A British Retail Consortium spokesman says the Act presents some “significant problems” for retailers because it makes them responsible for the behaviour of all the businesses in their supply chain - including those without direct relationships. “Scrutinising every company in the supply chain is impractical,” he says. “Given that retailers are under real pressure now anyway, there has to be some very big question marks over why this sort of extra burden is being added.”

But while the extra work is undeniable, there’s no need to panic, says Mark Abell, partner at Field Fisher Waterhouse. Retailers simply need to make it clear in their agreements with suppliers and franchisees that bribery is not tolerated, and ask their suppliers in other countries to show they’ve done the same. Unwritten contracts also need to be formalised. The work boils down to a stringent plan of risk assessment - to identify which areas need attention - and producing tightly worded agreements and a paper trail that proves you’ve thought about the risk of bribery and acted to prevent it. “By taking the right precautions you’ll be fireproof,” Abell says.

Commercial pressures

Another problem is the absence of a lower limit below which the Act doesn’t apply. There was some talk, O’Hanlon says, of a minimum level threshold being set so that minor payments - such as facilitation payments that are commonly used by retailers to speed up the process of getting product through a port - can go ahead.

But instead, it simply advises retailers to find ways around the problem, and try to avoid being in a situation where these payments are needed. The advice includes working with non-governmental organisations and within diplomatic channels to try to get goods through customs without parting with cash - but if the point of facilitation payments is to speed things up, starting to get embroiled with diplomats might not achieve the desired effect. “The difficulty, then, is the commercial pressures of getting things done. Diplomatic channels are not always quick. There’s a tension between best practice and what, in some areas of the world, will happen,” says O’Hanlon.

Whether the Act does dent retailers’ ability to compete overseas remains to be seen - there are some areas that could cause problems for UK companies. It’s a possibility, for instance, that larger suppliers with more clout will be less keen to work with retailers requiring them to labour over producing evidence of an anti-corruption policy. And what’s seen as bribery and corruption here can be seen as a legitimate way of doing business in other countries - the biggest headache is likely to be the shortage of black and white answers in an area that can be notoriously murky.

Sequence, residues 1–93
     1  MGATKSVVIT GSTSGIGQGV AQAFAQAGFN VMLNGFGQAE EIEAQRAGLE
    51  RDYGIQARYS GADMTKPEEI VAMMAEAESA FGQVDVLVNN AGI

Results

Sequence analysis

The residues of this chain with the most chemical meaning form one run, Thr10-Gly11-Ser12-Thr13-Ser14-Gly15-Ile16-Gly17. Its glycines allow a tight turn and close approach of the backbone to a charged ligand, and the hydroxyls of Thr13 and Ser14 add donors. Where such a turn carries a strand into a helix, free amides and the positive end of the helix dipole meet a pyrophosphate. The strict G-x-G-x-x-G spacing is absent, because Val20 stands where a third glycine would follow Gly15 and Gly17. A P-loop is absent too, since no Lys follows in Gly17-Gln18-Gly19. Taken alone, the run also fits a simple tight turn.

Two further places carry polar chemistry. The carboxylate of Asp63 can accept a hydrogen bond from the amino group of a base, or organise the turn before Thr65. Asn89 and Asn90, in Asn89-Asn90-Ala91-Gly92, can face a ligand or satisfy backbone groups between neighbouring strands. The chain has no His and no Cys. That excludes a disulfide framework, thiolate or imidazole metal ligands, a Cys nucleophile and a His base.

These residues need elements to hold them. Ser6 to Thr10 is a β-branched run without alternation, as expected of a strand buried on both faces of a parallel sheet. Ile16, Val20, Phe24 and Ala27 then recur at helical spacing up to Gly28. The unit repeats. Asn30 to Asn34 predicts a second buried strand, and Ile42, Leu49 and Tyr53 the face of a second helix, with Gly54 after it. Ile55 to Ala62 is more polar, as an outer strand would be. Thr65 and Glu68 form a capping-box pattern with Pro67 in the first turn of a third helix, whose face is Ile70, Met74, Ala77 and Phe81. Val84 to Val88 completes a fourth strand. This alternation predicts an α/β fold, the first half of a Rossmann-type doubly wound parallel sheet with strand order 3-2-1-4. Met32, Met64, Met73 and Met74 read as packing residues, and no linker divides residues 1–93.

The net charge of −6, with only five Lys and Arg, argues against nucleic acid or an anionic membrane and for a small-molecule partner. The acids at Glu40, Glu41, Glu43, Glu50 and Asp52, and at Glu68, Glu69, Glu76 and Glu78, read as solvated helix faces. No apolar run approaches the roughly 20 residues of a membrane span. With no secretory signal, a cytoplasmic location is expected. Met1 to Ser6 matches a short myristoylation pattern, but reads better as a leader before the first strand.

But for some, the risks are low. As White says: “I don’t see them hunting out every little bit of bribery going on around the world.” There have been some high-profile cases such as BAE Systems, “so we’ve ended up with a sledgehammer to crack a nut”, he adds. “But I just don’t see this legislation as being targeted at businesses like ourselves, and it’s not something I’m going to be losing any sleep over.”

Issues to consider

  • Lawyers recommend taking a step back and analysing the risk involved in each situation and for each business, and decide whether payments could be seen as bribes
  • Each retailer is different, and the level of risk differs according to factors such as the countries traded in and the number and type of suppliers used
  • Top level commitment is needed, and this needs to be communicated effectively both internally and externally The appropriate policies and procedures need to be put in place, and a system of monitoring set up so they are constantly reviewed
  • Corporate hospitality is unlikely to cause problems for retailers, but anything too lavish could attract attention so risks need to be considered. Retailers will need to figure out ways around facilitation payments and find solutions that don’t involve giving money to officials